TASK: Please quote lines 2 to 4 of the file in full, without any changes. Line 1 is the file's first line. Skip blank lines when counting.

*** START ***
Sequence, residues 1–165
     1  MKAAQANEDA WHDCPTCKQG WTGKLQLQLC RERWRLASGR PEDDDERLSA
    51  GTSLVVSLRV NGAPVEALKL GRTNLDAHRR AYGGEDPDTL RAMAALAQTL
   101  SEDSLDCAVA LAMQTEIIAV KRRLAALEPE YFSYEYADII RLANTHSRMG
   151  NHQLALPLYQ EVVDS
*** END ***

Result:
     1  MKAAQANEDA WHDCPTCKQG WTGKLQLQLC RERWRLASGR PEDDDERLSA
    51  GTSLVVSLRV NGAPVEALKL GRTNLDAHRR AYGGEDPDTL RAMAALAQTL
   101  SEDSLDCAVA LAMQTEIIAV KRRLAALEPE YFSYEYADII RLANTHSRMG